Israeli military orders used to deprive Palestinians of human rights, says HRW report
Israel is still using draconian military orders to deny Palestinians their fundamental rights in the occupied West Bank, 52 years after they seized the territory, says a Human Rights Watch report on the Israeli occupation.
It is the first report issued by the New York based group since its regional director Omar Shakir was expelled from Israel last month.
Military orders are part of the separate Israeli legal system applied to Palestinians living in the occupied territories, which Palestinian activists have denounced as deeply discriminatory. Between 1948 and 1968, Israel also used a similar military administration on Palestinian citizens of Israel.
The 92-page report highlights how Israeli military orders since 1967 are a continuation of the British Mandate's emergency act prior to the establishment of the state of Israel.
Since then, Israeli authorities and military courts have used military orders to deprive Palestinians living under occupation in the West Bank of rights that are considered basic in other countries.
The report points to Military Order 101, which, it says, “criminalises participation in a gathering of more than ten people without a permit on an issue ‘that could be construed as political,’ punishable by a sentence of up to ten years”.
Issued after Israel occupied the West Bank, the Gaza Strip and East Jerusalem during the 1967 war, Military Order 101 has been used to detain thousands of Palestinians for attending protests or participating in other non-violent political movements.
“After 52 years of occupation, Israel can no longer justify depriving Palestinians of their basic rights based on the need of military occupation," HRW director for Israel and the Palestinian territories Omar Shakir told Middle East Eye.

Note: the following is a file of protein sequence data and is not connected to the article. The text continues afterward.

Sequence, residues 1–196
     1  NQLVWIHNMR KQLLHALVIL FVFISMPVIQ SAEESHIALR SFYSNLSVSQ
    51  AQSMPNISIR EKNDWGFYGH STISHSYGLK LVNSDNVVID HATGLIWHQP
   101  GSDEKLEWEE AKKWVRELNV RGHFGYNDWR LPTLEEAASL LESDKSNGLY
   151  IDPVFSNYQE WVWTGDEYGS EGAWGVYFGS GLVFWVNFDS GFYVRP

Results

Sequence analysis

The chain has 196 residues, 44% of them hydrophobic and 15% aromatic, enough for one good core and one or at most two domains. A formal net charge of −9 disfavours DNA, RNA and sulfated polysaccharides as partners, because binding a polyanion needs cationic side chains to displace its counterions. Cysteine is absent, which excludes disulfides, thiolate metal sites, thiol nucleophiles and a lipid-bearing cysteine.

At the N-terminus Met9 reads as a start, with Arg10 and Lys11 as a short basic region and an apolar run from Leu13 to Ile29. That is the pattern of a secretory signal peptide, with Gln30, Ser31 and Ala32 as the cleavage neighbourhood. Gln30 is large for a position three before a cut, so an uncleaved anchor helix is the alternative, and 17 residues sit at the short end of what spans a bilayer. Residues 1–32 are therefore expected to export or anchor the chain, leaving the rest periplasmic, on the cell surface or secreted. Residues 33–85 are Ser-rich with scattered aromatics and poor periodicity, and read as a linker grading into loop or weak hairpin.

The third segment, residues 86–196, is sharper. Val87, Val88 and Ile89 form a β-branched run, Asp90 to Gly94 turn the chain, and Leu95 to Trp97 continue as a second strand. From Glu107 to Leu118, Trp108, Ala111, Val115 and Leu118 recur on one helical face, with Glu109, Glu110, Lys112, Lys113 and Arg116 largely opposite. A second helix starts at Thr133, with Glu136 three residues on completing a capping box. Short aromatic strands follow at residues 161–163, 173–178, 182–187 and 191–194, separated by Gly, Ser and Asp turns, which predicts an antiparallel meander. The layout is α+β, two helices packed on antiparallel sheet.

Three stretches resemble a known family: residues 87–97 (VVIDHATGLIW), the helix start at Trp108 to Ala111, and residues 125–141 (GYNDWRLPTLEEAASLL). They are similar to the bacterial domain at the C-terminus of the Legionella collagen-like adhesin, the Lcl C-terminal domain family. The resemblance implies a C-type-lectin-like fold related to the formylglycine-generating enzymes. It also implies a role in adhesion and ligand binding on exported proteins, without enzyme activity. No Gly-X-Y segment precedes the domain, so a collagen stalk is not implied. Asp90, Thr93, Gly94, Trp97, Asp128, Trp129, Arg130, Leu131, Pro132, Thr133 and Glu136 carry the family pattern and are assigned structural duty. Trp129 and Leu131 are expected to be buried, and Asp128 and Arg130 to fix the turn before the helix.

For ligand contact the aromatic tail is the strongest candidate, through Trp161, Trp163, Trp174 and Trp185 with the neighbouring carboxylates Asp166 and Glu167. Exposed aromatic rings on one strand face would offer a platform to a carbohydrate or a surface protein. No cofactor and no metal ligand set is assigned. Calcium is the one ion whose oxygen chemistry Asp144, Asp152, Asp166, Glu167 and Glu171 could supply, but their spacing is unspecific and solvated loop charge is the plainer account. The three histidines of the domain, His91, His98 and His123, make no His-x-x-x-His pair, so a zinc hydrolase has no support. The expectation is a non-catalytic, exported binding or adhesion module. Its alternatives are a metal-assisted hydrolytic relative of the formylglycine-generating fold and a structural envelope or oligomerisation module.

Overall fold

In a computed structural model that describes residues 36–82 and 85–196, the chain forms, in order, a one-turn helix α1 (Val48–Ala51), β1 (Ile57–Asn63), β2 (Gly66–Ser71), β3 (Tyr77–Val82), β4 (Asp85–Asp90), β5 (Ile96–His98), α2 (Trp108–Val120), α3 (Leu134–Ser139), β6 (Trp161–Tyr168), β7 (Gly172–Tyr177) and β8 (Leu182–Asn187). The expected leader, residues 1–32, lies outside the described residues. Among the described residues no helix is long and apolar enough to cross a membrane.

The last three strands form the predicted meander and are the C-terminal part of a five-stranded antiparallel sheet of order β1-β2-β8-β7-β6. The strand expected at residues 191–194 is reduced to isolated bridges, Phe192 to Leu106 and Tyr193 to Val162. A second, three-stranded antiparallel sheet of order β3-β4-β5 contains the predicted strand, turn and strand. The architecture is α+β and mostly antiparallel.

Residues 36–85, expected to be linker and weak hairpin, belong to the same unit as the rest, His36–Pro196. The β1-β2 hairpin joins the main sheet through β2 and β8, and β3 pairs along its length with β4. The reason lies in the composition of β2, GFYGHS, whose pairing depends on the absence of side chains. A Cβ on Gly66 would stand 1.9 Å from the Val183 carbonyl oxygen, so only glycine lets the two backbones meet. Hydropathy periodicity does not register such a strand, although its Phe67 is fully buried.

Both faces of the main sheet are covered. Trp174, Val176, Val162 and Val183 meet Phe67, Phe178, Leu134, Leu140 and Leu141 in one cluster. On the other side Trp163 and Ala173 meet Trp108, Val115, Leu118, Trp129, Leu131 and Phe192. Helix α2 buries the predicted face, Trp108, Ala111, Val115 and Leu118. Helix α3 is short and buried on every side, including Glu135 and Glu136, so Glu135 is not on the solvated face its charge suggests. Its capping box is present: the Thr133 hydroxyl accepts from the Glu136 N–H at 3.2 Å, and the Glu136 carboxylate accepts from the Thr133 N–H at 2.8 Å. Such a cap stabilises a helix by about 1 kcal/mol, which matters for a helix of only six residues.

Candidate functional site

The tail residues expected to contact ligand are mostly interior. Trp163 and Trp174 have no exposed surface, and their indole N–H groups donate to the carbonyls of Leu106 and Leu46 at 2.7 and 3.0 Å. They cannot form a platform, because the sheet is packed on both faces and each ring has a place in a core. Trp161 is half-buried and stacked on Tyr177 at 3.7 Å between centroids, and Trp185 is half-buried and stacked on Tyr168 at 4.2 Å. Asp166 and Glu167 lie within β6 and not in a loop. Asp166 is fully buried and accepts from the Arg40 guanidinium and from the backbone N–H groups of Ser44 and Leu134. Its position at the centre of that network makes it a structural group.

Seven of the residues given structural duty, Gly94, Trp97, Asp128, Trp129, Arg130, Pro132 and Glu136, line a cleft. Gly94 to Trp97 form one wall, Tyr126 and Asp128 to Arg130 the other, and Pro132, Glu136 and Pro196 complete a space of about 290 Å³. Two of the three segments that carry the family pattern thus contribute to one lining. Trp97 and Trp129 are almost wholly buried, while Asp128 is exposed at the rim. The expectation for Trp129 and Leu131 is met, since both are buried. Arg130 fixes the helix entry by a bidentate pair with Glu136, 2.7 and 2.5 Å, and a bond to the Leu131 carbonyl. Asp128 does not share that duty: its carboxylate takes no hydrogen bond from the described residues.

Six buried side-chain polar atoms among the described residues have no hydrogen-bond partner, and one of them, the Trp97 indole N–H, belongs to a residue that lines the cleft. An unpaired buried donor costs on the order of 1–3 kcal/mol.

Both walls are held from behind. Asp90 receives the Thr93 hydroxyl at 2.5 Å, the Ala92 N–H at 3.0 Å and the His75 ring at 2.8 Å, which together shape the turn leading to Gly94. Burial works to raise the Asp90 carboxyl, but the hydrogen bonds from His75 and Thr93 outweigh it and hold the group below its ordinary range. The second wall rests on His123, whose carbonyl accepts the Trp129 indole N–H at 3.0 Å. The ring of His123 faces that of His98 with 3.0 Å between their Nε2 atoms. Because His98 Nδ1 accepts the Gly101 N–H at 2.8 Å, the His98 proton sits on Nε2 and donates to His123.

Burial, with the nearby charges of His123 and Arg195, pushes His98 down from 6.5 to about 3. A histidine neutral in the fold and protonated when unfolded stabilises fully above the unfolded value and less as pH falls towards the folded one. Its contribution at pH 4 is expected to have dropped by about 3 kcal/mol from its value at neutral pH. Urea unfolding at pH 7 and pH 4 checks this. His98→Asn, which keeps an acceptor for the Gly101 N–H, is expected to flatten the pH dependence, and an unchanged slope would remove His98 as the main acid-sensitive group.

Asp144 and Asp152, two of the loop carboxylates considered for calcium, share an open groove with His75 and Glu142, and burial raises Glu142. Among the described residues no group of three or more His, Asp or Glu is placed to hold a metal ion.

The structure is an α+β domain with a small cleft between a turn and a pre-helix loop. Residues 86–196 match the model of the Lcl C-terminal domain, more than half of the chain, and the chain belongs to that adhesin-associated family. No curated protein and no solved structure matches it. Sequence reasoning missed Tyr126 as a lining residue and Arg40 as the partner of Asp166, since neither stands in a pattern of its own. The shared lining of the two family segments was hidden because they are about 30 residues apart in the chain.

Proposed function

"It is increasingly clear that there is no end in sight to Israel's continued control and discriminatory regime against Palestinians, who are entitled to their core human rights. Those rights should not wait for a political arrangement.”
HRW postponed a media conference in Amman to discuss the report on Tuesday after it only belatedly obtained security clearance from Jordanian authorities. Jordanian law requires getting permits for holding media conferences in the country.
The conference was set to be the first public appearance in Jordan for Shakir since Israeli authorities deported him last month.
Israel accused Shakir of being a supporter of the Boycott, Divestment and Sanctions (BDS) movement, which calls for broad-ranging financial pressure to push Israel to end its rights abuses against Palestinians - an accusation Shakir and HRW have denied.
The expulsion, upheld by Israel’s Supreme Court, made Shakir the first HRW official to be expelled from the country under a controversial 2017 law allowing the deportation of foreigners who support the boycott, according to authorities.